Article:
• Positive/flattering information.
• Neutral – observations that aren’t necessarily positive or negative.
• ‘Negative and malicious.’
The researchers said that people gossiped an average of 52 minutes per day, but that the majority of it was ‘not-evaluative, or neutral in nature … They also note that it tended to be about acquaintances more than celebrities, and typically involved an exchange of social information rather than thoughts about one’s physical appearance or achievements.”
Some studies show that it is a social skill that bonds people together by building trust through the sharing of secrets, and creates a sense of belonging and prevents social isolation. In the workplace, the exchange of harmless chatter can build esprit de corps and morale, so long as it’s not nasty or self-serving.
Psychologist Mark Griffiths, Ph.D, Distinguished Professor of Behavioural Addiction in the Psychology Department at Nottingham Trent University in the United Kingdom, also wrote a piece in Psychology Today in which he quoted an article where another expert adroitly referred to gossip as ‘an ugly addiction:’
‘It’s a defense mechanism,” said the expert. ‘It feels good to ‘prove’ another human is much inferior to us. That feeling creates a temporary and partial amnesia for our own shortcomings and insecurities. Instead of dealing with our own ugliness we create even uglier pictures of others around so we can feel better.”
He added: ‘Gossip as an emotional vent: The persons we gossip about quickly become our vents. Whenever we are upset about anything, we find ourselves engaging vehement and slanderous gossip smearing somebody’s image.”
Whoa! Nicely put. Not exactly Mary Poppins stuff!
There are many ways to break the chain of mean-spirited and/or negative chitchat in the interest of showing respect for others’ privacy – depending on the severity and the circumstances.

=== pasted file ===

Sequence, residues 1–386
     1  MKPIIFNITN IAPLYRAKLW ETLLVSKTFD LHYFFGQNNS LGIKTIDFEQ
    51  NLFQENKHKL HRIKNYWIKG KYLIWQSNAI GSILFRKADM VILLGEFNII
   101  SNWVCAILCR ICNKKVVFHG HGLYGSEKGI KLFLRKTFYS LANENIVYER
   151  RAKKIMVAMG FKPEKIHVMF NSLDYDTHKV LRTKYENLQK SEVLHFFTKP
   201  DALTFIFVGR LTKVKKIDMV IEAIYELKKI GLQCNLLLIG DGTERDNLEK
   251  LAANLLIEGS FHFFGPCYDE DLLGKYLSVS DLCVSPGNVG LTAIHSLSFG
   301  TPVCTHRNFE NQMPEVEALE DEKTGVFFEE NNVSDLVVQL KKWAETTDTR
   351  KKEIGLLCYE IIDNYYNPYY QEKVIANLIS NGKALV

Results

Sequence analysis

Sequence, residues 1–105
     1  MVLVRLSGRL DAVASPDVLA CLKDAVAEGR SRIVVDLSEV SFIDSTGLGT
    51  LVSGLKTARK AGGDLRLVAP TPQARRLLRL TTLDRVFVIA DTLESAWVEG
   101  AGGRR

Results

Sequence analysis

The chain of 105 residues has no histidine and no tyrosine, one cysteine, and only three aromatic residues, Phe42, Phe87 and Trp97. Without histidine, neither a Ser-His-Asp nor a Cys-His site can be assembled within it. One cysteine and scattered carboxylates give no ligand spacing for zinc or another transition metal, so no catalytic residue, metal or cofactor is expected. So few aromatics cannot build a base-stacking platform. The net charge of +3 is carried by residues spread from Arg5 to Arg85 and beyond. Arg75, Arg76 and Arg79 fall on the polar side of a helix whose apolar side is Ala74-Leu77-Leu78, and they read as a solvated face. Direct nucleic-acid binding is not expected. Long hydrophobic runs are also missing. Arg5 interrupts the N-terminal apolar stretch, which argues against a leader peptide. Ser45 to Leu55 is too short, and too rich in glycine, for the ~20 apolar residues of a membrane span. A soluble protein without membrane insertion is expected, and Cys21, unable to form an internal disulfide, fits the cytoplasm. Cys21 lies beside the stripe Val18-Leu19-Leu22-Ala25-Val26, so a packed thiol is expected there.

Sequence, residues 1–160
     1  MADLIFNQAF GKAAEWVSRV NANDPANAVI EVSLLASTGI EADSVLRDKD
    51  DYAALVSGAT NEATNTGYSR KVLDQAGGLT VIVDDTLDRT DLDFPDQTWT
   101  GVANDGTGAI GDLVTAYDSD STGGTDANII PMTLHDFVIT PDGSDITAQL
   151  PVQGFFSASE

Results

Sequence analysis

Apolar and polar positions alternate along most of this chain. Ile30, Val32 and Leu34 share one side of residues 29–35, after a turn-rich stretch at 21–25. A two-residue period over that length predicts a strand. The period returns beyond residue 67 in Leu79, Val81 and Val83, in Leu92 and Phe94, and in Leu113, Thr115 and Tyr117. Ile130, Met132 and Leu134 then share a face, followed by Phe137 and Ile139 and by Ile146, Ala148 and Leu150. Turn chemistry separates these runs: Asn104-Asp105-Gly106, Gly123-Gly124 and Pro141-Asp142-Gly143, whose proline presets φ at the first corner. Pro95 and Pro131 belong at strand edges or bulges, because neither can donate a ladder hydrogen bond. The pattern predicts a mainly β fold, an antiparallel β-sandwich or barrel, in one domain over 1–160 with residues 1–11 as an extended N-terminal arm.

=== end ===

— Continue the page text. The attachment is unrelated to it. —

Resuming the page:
If it’s relatively insignificant, show that it doesn’t bother you and laugh it off.
But for more harmful false stories or slander-type meanness, various experts suggest these tacks:
• Do not engage in it. Remember than people who talk about others behind their backs may well do the same behind yours.
• If you are the subject of negativity, tell your friends so that they can help you set others straight.
• Confront the culprit or anyone who is passing along the information. Ask them to stop because it’s hurting and disappointing you. Try not to come across as angry or vindictive. You might retort, ‘If you have a problem with me, please tell me, not others.’
• Same goes about witnessing third-party conversations. Don’t just stand by as others chisel away at someone’s reputation. Say something like, ‘I thought that we were all bigger than this. Shouldn’t you be, too?’
• Stop it in its tracks and don’t pass it around. Steer the conversation in another direction and change the subject.
• Avoid people who spread hurtful information and rumors.
• Keep secrets with trusted friends; don’t betray them, and be cautious about what you say.
• Encourage people not to judge anyone by unsubstantiated rumors
Finally, as one wag – an anonymous author – has said, ‘If you didn’t hear it with your own ears, or see it with your own eyes, don’t invent it with your small mind and share it with your big mouth!’
As for Mr. On Edge in South Carolina, The Sage would recommend that you go around with good friends, enjoy yourselves, ignore the nonsense, laugh it off, socialize as much as possible, and show others your autographed tennis racket – signed by Dr. Knutt, M.D., Orthopedic Surgeon.
Just don’t let him get cute and write ‘Keep swinging,’ as some will take it as a double entendre and the questions – and stories – will start all over again!